Determining when relocation is right
Proposed amendments to the Divorce Act are a step in the right direction. But lawmakers must still confront some thorny issues about relocation.
Courts have struggled for years in deciding relocation cases. Volumes have been written about the need for legislative reform in this area. Bill C-78, which would amend the Divorce Act, provides a positive step forward. Commendably, it adopts a child's-best-interests approach which is consistent with the overall theme of proposed amendments in the bill.
But it also has problems that need to be addressed – for example, through notification provisions that put the receiving party at a significant disadvantage.
One parent’s relocation can upset the balance sought by court orders addressing parenting time, decision-making or contact. Under Bill C-78, a party with parenting time or decision-making responsibility wishing to relocate must give 60 days' notice to the other – dates, addresses and contact points, as well as a proposal for how parenting time, decision-making, or contact could be exercised. The other parent then has just 30 days to consider the information, and file a formal objection – a too-narrow window, especially in communities where it is difficult to hire counsel. And if that parent doesn’t manage to get it all done in time, the relocation can go ahead unless a court prohibits it.
These short timeframes will almost certainly mean further litigation, as parties will not have the time to engage in mediation or other forms of dispute resolution contemplated elsewhere in the bill. Instead, they will have to retain counsel, voice their opposition, and file court proceedings.
What’s more, if one party relocates because the other defaults – either doesn’t respond, or fails to respond in time – there’s no guarantee the resulting move would be in the best interests of the child. The outcome could be unfair for both the child and the non-relocating parent.
More notice of an intention to relocate and respond would improve the chance that planning would focus on the child, and encourage the use of family dispute resolution processes. After all, in most cases, the relocating parent has planned the move for months or longer.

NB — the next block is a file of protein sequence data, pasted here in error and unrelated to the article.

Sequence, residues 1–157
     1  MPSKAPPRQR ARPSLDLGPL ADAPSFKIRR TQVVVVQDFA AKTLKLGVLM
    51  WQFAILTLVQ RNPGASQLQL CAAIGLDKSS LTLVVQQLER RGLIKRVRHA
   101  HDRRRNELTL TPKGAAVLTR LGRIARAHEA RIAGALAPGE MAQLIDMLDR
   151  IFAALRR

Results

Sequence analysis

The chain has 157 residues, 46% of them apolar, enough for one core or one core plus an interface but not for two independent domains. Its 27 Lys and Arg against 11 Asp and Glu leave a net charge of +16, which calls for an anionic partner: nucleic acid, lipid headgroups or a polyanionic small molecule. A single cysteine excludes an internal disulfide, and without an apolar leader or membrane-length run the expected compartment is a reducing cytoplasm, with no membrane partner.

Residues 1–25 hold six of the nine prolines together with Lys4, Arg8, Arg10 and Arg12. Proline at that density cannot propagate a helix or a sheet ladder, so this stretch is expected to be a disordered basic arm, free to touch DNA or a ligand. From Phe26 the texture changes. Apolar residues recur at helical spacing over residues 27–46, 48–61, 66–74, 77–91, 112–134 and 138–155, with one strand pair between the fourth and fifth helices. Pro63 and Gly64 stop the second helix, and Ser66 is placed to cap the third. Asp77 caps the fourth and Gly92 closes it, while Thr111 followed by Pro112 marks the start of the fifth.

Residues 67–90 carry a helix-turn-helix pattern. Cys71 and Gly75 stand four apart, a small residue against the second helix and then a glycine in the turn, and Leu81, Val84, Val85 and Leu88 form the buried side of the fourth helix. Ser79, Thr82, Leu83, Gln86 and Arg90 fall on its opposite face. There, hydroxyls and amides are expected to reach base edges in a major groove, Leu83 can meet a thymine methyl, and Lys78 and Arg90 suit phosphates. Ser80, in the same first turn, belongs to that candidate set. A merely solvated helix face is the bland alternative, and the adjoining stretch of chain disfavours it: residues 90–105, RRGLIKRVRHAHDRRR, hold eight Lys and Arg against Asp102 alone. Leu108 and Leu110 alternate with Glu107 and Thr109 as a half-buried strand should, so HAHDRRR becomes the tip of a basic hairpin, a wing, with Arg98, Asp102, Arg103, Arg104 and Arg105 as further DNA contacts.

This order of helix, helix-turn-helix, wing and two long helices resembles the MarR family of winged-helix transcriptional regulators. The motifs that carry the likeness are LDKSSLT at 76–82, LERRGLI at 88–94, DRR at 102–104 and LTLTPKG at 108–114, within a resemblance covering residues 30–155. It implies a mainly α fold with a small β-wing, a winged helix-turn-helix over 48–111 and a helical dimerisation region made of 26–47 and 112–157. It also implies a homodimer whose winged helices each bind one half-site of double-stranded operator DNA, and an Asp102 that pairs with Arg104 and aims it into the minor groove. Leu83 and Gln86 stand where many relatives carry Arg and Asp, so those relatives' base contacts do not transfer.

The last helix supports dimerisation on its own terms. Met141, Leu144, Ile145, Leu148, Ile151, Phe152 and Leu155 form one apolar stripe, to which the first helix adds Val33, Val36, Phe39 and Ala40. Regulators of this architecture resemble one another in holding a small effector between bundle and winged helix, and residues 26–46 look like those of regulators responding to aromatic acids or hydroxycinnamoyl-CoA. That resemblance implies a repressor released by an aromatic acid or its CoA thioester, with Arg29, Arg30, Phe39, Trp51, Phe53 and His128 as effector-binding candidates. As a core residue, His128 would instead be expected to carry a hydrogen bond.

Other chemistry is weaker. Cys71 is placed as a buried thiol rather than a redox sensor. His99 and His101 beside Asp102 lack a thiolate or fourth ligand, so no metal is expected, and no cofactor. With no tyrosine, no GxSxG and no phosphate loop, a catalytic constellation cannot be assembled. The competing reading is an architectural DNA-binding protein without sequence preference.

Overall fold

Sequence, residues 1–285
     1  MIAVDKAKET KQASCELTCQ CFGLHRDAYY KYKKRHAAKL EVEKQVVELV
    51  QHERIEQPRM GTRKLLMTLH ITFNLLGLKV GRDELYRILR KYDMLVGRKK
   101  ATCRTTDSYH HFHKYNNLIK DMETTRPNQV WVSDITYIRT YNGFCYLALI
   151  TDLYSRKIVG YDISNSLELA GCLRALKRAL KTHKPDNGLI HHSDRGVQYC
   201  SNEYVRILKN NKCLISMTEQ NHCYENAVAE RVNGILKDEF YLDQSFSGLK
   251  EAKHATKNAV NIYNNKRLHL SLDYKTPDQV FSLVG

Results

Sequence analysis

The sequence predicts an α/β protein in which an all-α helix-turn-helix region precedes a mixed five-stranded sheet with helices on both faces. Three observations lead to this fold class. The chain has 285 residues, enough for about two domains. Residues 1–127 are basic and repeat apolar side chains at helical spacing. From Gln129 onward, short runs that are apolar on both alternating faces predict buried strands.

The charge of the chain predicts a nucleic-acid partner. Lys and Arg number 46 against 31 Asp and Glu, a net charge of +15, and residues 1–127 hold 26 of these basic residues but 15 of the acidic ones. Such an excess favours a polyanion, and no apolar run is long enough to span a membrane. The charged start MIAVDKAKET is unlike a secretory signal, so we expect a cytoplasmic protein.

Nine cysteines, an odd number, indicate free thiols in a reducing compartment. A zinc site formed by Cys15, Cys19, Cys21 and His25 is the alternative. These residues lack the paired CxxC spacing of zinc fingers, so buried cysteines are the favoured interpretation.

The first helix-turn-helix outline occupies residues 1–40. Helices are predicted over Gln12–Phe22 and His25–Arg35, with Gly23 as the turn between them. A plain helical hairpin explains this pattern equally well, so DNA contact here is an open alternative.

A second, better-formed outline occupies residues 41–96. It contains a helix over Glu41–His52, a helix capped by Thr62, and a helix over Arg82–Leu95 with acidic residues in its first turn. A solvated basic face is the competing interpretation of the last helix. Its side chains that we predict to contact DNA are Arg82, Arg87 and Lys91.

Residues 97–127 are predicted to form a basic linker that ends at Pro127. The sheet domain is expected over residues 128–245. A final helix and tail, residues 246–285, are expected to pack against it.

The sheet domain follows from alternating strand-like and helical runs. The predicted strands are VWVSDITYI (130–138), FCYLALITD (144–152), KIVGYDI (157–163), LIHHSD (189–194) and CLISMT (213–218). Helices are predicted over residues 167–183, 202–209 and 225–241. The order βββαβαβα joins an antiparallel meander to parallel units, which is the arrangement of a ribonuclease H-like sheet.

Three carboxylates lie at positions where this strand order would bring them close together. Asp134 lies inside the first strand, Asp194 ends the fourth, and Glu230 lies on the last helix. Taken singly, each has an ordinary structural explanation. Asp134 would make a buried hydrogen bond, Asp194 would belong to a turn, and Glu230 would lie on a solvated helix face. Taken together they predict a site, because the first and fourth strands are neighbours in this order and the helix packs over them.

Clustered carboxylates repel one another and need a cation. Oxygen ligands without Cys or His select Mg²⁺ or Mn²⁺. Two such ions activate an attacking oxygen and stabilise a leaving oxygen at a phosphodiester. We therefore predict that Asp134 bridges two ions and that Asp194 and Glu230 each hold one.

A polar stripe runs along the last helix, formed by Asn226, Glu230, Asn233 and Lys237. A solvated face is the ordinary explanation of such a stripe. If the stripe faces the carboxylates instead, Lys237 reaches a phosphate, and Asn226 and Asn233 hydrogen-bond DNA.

It would also be helpful to require a party to indicate in a standard notice whether they are consenting to the relocation plan or contesting it. If the response (or lack thereof) were to be recorded in a registry for notices, it would support a desk variation order permitting the relocation.
This would not only be cost-effective, it would be consistent with access-to-justice objectives which presuppose the fair, consistent, and ordered administration of justice that is easier to access.
Another suggestion would be to require the moving party to file their relocation request in court, together with proof that the other party has been informed and that party’s response – or a sworn statement that there has been no response. In the absence of an objection, the relocating person would then be entitled to an order allowing relocation. This would put the initial responsibility on the relocating party, unless a court was to order otherwise.
Getting a variation order (instead of relocating based on "no response") would ensure that there is no confusion about the provisions of the previous order for schools, doctors, and others providing services for the child in the new location.
Bill C-78 also prohibits the courts from considering the double-bind question – whether the person wishing to relocate with the child would relocate without the child if the child's relocation were prohibited.
However, there may be circumstances where it is appropriate in for the court to consider the issue and give it proper weight.
One of the essential features of the bill addresses the burden of proof provisions. This helps provide a useful framework for parties, lawyers, and the courts, but there are potential pitfalls in the wording of the section. Setting up a framework is challenging given the many variables and moving parts that might come into play in these cases.
Where relocation puts a healthy child/parent attachment at risk, the onus should be on the moving parent to show that the move is in the child's best interests. Conversely, where a child does not have a close attachment with a parental figure, for whatever reason, and the parent figure to whom the child has a healthy attachment wants to relocate, the person opposing the relocation should have to prove that the relocation would not be in the child's best interest.
The challenge is in putting those best-interest principles in easy-to-understand and certain legislative form. The bill suggests that the onus is on the relocating parent only where the parties have "substantially equal time." But some children have strong attachments to parents with whom they spend less than equal time. Arbitrary time calculations are not necessarily the best guide.
We are pleased that the Bill that has gone through Committee has incorporated changes to the form of notice. It remains to be seen what details the Regulations will include. Relocation provisions should always have the goal of maintaining strong and healthy attachments between children and parents to provide them with stability and certainty. Ultimately, changes to existing parenting regimes that follow from relocation should not happen without careful consideration of the child's best interests in an environment of decreased conflict.